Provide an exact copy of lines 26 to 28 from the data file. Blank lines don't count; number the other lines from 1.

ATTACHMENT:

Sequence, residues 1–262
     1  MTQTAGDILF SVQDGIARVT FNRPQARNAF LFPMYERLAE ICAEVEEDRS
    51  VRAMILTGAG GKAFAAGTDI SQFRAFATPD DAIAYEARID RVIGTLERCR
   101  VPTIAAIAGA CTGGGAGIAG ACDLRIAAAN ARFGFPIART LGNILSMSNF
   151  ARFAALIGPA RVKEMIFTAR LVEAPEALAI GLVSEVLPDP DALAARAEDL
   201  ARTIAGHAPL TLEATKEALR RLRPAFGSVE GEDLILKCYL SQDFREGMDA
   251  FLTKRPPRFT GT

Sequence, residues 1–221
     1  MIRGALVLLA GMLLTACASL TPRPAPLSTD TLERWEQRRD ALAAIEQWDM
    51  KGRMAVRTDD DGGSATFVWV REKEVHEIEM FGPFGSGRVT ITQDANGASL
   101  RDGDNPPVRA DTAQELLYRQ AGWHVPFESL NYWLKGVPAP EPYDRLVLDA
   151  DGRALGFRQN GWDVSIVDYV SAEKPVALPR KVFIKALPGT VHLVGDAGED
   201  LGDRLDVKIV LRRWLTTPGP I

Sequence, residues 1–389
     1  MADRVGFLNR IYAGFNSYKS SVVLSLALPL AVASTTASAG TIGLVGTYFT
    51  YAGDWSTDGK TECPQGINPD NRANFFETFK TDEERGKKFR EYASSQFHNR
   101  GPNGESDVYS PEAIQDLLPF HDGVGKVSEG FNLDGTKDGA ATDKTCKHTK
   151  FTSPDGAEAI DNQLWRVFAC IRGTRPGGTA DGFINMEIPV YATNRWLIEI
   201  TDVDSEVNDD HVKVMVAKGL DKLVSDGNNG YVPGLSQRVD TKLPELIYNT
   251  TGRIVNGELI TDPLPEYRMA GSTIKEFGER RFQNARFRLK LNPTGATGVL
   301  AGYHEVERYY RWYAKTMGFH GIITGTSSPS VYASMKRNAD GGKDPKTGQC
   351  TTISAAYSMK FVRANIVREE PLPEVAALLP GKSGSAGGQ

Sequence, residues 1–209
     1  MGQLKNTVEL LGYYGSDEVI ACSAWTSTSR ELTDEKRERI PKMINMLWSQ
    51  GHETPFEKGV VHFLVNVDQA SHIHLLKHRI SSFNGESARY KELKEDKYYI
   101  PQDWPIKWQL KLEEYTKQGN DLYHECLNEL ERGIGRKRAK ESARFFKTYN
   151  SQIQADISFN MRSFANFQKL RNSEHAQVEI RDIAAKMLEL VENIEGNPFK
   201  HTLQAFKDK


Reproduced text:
   101  PQDWPIKWQL KLEEYTKQGN DLYHECLNEL ERGIGRKRAK ESARFFKTYN
   151  SQIQADISFN MRSFANFQKL RNSEHAQVEI RDIAAKMLEL VENIEGNPFK
   201  HTLQAFKDK